We're "empowering people with disabilities who can and want to work," he said, adding that the change "will empower thousands of ODSP recipients with the opportunity to fill the 400,000 open jobs in Ontario."

Lisa Hooper has been working as a local engagement co-ordinator for the Newmarket Heights area, which has residents struggling with evictions.

She said those on social assistance cannot keep up with how much rents have risen, doubling in some cases.

“A lot of people have been displaced. A lot of people have had to move into motels,” she said. “People have just been trying to figure out a way to pay the rent, pay more rent, so they can have a roof over their heads.”

She said many people she works with rely on ODSP and other social assistance, but are struggling to handle the rising rents and legal pressure from landlords. 

“If you have a disability, it’s not like you can just go out and get a job,” she said. “A lot of people are moving back with family because they can’t afford to live on their own anymore … A lot of people can’t afford to get a paralegal to help them.” 

Community Legal Clinic of York Region executive director Jeff Schlemmer said there is another issue with the system. Many individuals may receive Canada Pension Plan Disability benefits, something indexed to inflation. But anyone receiving ODSP concurrently will see that allotment reduced based on their federal benefits.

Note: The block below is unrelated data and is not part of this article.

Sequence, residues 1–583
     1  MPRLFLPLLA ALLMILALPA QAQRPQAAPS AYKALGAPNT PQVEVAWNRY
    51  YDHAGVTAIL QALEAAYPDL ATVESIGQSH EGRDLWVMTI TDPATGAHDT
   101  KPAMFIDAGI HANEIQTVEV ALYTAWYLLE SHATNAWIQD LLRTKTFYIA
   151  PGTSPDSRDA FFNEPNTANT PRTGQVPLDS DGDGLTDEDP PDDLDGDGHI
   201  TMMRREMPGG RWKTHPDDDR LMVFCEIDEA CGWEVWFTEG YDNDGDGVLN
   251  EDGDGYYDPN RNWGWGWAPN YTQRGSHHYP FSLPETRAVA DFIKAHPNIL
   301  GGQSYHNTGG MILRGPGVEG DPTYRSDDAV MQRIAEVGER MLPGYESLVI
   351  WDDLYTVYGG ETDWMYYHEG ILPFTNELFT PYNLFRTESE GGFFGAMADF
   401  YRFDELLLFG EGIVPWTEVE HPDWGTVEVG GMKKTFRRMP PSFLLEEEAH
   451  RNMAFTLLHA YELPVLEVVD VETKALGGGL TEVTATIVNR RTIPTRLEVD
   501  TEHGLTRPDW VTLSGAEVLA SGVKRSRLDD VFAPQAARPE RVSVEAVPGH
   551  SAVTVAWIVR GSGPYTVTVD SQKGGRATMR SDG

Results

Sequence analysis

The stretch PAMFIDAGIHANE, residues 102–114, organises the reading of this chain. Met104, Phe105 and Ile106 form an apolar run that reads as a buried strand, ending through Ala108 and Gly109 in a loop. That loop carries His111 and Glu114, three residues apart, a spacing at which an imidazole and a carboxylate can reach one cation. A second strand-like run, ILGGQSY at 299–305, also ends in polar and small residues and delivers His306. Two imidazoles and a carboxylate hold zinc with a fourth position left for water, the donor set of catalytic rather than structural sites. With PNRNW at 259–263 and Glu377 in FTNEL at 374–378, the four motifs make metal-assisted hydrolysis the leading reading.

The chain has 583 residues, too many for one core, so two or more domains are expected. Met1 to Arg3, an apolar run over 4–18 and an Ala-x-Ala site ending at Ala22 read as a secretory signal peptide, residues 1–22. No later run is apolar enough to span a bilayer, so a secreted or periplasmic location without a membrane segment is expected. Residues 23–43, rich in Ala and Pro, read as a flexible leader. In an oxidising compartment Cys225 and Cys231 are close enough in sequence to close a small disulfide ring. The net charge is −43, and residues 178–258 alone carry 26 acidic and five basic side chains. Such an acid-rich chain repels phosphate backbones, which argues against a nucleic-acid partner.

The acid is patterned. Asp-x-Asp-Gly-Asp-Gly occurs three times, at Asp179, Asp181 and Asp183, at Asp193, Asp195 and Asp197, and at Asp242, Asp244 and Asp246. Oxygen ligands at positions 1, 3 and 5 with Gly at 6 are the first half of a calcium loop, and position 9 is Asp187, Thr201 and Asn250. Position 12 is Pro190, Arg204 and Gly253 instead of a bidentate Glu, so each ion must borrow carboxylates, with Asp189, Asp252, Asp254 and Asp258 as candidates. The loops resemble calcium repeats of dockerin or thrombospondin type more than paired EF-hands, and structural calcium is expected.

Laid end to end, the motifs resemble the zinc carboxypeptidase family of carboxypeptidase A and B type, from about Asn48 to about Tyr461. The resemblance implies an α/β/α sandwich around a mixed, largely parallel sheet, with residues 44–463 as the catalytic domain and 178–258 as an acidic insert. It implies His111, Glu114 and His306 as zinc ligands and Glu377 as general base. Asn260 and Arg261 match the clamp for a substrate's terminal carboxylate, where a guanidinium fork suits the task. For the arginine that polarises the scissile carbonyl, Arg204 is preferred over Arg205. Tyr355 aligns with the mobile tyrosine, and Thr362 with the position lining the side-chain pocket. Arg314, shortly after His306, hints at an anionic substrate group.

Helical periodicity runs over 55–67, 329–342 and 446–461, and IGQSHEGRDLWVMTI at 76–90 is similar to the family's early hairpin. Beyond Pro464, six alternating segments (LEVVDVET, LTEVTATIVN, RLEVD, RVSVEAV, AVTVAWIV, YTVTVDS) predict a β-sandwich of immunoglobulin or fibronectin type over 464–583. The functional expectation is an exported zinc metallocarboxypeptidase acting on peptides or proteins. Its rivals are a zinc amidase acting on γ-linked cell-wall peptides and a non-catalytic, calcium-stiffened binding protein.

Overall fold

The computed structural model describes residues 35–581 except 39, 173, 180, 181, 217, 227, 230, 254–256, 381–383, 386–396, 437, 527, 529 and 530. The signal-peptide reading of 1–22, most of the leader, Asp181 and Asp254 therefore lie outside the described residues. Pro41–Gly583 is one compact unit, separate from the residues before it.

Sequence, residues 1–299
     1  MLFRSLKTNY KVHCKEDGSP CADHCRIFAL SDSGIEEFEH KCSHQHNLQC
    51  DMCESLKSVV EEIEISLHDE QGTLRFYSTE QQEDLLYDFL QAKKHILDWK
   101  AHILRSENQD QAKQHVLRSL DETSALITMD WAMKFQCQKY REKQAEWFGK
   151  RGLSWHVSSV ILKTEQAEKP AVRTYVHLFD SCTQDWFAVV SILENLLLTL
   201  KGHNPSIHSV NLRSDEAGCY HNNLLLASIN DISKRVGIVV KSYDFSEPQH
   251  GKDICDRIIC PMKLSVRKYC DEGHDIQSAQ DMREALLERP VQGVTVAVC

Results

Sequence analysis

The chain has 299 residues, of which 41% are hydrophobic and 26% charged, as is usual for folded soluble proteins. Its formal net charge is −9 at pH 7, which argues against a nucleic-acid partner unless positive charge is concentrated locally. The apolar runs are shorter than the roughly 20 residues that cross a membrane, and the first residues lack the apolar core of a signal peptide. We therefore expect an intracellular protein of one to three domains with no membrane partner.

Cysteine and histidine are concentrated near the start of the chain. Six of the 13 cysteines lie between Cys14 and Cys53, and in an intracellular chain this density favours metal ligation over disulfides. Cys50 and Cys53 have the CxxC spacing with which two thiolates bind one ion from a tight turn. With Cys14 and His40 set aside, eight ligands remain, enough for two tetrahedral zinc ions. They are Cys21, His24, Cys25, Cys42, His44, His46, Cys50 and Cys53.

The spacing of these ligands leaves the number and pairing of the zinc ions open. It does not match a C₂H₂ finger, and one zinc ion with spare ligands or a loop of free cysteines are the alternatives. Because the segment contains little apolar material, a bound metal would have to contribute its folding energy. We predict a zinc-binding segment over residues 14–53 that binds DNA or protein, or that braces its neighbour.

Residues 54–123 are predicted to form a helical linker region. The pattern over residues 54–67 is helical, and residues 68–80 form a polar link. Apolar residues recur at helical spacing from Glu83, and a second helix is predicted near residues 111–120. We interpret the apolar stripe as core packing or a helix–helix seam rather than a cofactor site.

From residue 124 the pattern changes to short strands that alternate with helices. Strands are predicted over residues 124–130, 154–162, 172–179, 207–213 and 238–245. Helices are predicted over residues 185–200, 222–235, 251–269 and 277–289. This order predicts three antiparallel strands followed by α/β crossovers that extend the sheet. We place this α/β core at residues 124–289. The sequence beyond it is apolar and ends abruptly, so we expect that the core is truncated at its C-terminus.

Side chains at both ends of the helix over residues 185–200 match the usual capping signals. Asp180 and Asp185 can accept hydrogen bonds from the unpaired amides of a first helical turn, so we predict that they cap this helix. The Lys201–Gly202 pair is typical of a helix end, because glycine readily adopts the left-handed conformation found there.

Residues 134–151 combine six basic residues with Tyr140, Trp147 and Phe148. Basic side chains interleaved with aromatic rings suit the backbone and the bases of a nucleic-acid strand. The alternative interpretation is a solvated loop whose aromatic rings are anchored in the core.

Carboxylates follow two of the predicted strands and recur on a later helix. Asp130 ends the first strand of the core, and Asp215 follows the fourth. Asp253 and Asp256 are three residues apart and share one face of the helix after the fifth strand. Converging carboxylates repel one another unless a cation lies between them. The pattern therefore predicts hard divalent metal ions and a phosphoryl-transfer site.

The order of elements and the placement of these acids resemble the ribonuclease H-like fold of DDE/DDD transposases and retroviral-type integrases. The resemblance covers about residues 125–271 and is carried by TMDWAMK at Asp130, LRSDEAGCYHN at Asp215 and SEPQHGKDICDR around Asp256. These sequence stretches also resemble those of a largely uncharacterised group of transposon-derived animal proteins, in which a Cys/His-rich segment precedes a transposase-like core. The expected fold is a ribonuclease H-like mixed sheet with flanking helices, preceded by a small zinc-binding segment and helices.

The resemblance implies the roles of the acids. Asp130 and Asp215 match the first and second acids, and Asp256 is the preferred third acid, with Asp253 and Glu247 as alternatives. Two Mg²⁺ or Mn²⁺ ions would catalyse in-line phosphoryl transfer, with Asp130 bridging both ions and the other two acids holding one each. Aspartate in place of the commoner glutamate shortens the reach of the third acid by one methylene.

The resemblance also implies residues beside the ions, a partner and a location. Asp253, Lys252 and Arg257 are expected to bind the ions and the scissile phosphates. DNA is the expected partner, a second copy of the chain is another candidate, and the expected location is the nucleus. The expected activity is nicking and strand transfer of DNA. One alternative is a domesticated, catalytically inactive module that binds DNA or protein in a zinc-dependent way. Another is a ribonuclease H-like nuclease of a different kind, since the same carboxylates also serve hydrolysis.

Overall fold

With York Region rental rates so high, people need everything they can get, Schlemmer said.

ODSP is “not sufficient for a disabled Ontarian to live in an apartment,” he said. “They are trying to rent rooms where they can, which is often quite unhealthy for them.”

The ability for disabled people to earn more under a recent provincial change is “a trap,” he said, which can cost them federal benefits.

“If any disabled people go out and push through, are (able) to work and earn $1,000 a month, they will find themselves in real trouble.” 

Bissett said the province has taken other measures to address poverty, such as a minimum wage increase, tax credits and the Ontario Child Benefit.